In the netherworld between handheld ultra-mobile PCs and clunky full-featured laptops, there lies the niche market for the ultraportable notebook. Like cyclists stripping every last ounce off their racing bikes, manufacturers take the familiar notebook, trim the fat, and make everything remaining smaller and lighter. Sony clearly took this extreme cyclist-minded approach – right down to the carbon fiber – with their latest ultraportable, the Vaio TZ. At a feather-light 2.6 pounds, it’s an ultraportable notebook that will barely even register on your bathroom scale, much less slow you down when you have places to be.

The first thing to note about the Vaio TZ is that it’s composed of that pricy and popular composite that’s now synonymous with high performance – carbon fiber. The TZ’s case is constructed of gel-coated carbon fiber, which Sony says lends the laptop a “rustic yet urbane sophistication.” Translation: it looks really nice. Whether or not a laptop needs the same material used in everything from Formula 1 cars to Boeing’s new 787 is ultimately irrelevant – Sony chose carbon fiber to make a say two things: light and fast.

Image Courtesy of Sony

On the first, it most certainly delivers. While high-power laptops can bloat up to well over 10 pounds and portables struggle to get that number under four, the Vaio TZ manages to slim down to just 2.6 pounds. Forget about stiff shoulders induced by brick-like laptops that practically tip you over sideways as you lug them through the airport. This thing should practically float by your side.

The notebook’s demure size is crucial in keeping its weight so low. At 10.9” wide, 7.8” deep and 1.2” tall, the TZ might may look a lot more like a book than a laptop computer. To get some idea of how small that is, consider that a standard sheet of paper is measures 8.5” by 11”. You could set the TZ down on a stack of copier paper with room to spare around the edges.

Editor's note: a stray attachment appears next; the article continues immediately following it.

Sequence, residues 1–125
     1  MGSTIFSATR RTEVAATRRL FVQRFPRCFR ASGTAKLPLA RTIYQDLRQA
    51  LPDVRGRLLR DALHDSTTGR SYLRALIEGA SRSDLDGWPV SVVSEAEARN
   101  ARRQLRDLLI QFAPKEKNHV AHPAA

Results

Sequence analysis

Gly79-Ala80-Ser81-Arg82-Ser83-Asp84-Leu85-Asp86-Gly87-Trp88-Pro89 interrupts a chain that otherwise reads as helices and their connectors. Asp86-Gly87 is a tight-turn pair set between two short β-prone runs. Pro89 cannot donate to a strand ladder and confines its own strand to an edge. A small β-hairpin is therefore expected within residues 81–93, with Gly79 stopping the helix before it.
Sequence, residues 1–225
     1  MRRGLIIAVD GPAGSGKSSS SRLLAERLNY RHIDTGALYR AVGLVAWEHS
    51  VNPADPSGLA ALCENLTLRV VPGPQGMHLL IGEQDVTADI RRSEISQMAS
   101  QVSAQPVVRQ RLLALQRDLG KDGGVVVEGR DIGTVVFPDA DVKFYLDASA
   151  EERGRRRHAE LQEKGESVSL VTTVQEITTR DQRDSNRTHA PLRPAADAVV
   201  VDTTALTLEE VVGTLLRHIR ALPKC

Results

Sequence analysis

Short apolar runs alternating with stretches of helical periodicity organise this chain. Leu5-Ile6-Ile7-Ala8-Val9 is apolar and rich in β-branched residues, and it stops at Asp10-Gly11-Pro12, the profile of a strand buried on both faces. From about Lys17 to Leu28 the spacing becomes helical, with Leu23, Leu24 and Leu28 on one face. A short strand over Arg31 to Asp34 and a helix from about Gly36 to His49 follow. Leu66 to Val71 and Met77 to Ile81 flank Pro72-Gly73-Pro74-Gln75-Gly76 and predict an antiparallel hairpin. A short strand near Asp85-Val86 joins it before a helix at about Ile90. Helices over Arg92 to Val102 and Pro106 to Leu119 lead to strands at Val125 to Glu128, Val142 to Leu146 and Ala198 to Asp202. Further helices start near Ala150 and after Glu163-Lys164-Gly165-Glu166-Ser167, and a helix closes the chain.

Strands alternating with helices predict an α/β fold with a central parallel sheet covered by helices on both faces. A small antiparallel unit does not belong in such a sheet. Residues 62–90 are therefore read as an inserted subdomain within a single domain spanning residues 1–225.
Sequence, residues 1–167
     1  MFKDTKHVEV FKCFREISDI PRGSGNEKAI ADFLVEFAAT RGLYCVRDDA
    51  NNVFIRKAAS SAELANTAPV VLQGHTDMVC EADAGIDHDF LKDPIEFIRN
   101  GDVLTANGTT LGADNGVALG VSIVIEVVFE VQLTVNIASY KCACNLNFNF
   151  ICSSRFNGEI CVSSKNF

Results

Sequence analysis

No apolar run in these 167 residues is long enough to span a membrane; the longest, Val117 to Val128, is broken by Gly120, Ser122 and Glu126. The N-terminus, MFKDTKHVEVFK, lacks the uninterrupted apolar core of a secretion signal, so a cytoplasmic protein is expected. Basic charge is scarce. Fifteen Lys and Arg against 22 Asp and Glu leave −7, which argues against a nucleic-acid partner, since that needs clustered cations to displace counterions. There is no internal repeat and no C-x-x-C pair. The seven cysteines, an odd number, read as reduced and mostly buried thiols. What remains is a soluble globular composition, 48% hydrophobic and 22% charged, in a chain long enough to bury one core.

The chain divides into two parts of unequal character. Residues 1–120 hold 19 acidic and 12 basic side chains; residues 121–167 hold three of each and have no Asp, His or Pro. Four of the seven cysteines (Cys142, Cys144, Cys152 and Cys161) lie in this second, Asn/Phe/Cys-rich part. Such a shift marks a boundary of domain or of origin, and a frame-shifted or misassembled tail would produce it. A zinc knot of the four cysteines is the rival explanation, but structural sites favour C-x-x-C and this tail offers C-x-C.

On the issue of speed, the TZ is no Lance Armstrong, but for the purposes this computer is built for, it should be more than sufficient. An Intel Core 2 Duo running at 1.2GHz should provide both computational grunt and power efficiency – although you might not want to get any illusions about playing Supreme Commander in your off time. Graphics are provided by an Intel 950 Media Accelerator, which is probably much happier anti-aliasing spreadsheets than trying to render 3D environments in real time.

That said, Sony did their best to pack big-computer functionality into a tiny package. The screen measures just 11.1” Inches diagonally, but with a resolution of 1366×768, there’s plenty of pixel real-estate if you have good eyesight. That tiny screen combined with an efficient processor also leaves the TZ’s battery relatively untaxed: Sony says their micro laptop will run for four to seven and a half hours (although with manufacturer battery life estimates, we would definitely stick to the more conservative guess).

If your life is a blur of airports, taxi cabs and conference rooms, the Vaio TZ should be right up your alley. Unfortunately, like a lot of the ultra-portables it competes with, the Sony doesn’t come cheap: it will set you back $2,199 to $3,299 USD depending on which model you go with. Then again, any model you choose will be cheaper than the carbon-fiber race bikes you see sprinting through the hills of France every summer, so we’d call it a comparative bargain if you’re willing to set aside your Tour De France aspirations and get your carbon fiber fix elsewhere. You can find out more at

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